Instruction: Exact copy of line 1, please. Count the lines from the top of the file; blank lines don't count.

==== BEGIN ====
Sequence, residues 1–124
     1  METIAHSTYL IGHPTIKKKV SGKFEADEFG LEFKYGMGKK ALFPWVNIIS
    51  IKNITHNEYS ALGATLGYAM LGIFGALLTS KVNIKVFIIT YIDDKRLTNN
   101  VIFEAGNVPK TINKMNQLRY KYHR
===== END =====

Sequence, residues 1–124